for 60,000 years, without differing The kalendar, as rectified by pope from the original institution, any Gregory XIII. is much the best and more than the Julian account differs correctes for regulating the movea- at this present time. (See more of ble feasts, and will continue agreea- this in our Mag. for 1747, p. 162.) ble to the solar year for a long series of time, with but very little variati- f From the PhilosoPHICAL TRANS

ACTIONS, No. 493, just publihed. Consider how much the Julian account has erred in time since che Ni- A Description of an extraordinary cene council, in the year of Christ Rainbow observed by Peter Daval, 325. The sun then entered the ver- Esq; Sec. R. S. nal equinox, March 20, (cho' the N Monday, July 18, 1748, acouncil of Nice fixed it on March 21.) bout a quarter before seven in

'The fun entered the vernal equi. G the evening, the weather being tembox this present year, March 9,

in perate, and the wind about N. N, W. the afternoon, which is eleven days' as I was walking in the fields, be. between the solar and civil Julian yond Illington, I saw a distant rain. year, in the space of 1426 years ;



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An Extraordinary RAINBOW. March bow, which appeared to take in a non, I was surprised, that the dia: large portion of the heavens ; but meter of the bow appeared to me had nothing remarkable, and vanished very small, compared with that I by degrees.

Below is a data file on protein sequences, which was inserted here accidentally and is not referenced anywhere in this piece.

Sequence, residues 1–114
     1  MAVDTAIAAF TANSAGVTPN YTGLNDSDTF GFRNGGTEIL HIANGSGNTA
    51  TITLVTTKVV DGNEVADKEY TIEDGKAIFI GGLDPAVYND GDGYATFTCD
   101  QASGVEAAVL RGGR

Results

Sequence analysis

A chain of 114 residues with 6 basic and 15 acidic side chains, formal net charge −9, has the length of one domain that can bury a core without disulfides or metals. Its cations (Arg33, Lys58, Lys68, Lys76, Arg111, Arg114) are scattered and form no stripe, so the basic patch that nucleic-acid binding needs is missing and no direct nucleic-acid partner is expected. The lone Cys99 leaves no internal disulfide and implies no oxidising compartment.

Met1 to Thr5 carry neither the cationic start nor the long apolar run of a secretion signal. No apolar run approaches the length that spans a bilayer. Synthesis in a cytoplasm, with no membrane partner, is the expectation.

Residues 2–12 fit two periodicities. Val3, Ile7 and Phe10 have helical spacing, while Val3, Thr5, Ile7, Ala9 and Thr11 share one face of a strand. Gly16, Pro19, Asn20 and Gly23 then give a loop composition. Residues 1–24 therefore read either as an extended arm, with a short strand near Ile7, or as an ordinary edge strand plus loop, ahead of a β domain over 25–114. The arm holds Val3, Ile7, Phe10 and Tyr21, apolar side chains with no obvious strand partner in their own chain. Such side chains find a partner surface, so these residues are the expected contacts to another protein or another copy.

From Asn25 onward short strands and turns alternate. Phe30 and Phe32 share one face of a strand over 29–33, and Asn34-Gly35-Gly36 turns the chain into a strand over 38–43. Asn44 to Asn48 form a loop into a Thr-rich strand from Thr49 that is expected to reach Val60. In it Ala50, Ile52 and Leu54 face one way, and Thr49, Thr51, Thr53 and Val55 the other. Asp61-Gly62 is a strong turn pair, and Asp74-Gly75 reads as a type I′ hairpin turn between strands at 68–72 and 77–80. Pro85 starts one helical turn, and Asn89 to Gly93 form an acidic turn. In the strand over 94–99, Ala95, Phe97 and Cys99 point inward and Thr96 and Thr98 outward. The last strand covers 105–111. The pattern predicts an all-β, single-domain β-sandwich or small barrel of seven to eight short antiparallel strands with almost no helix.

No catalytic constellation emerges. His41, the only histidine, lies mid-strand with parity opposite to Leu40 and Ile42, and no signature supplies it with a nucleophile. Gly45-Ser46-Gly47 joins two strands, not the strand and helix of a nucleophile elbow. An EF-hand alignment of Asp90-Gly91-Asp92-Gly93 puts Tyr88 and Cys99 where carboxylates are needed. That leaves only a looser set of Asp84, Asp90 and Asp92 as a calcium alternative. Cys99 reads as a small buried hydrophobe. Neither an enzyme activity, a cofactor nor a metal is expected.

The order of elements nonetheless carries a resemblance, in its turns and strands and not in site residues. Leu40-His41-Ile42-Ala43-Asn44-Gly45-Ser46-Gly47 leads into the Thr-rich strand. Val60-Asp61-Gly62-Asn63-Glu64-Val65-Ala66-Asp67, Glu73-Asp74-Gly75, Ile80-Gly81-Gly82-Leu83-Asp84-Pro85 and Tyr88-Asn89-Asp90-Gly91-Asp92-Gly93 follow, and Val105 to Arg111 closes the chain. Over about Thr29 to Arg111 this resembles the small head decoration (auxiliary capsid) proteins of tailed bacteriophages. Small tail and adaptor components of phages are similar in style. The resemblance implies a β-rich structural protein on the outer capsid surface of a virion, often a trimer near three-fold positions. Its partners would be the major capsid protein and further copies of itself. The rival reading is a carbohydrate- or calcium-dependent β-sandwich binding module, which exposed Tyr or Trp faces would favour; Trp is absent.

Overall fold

had seen a little before. The oc-
Continuing my walk, about 20 casion of this, I think, must have
minutes after the disappearing of been, that the legs of the first-men-
the first rainbow, a rainy cloud A tioned bow appeared to me to tera
crossed me, moving gently with the minate at distant places : Whereas
wind, which exhibited to me a more in the latter appearance I could
perfe&t and distinct rainbow than I plainly fee both ends of the inner
had ever before seen; wherein I could and outer bows terminate, in the
plainly distinguish all the secondary or- neighbouring fields, at a very small
ders of colours taken notice of by the distance from each other : Hence,
late Dr. Langwith, in his letter to Dr. B and from my being involved in the
Jurin, published in the Philosophical shower which occasioned this rain-

Transactions, No. 375; that is to bow, I conclude it was very near
say, within the purple of the com- me; which might be one cause of
mon rainbow, there were arches of the great vividness of its colours, and
the following colours ; 1. Yellowish

of my diftinguishing the inner arches.
green, darker green, purple. 2. But whether this was the only cause
Green, purple. 3. Green purple. C of those appearances, or whether they

This innermost arch Dr. Lang. might not be owing to some particular
with calls fair: vanishing purple, and I disposition of the atmosphere at that
likewise found, that it iometimes ap- time, I much question : As well be-
peared and disappeared alternately; cause I have often seen rainbows,
but during about two minutes it which have been very near me, and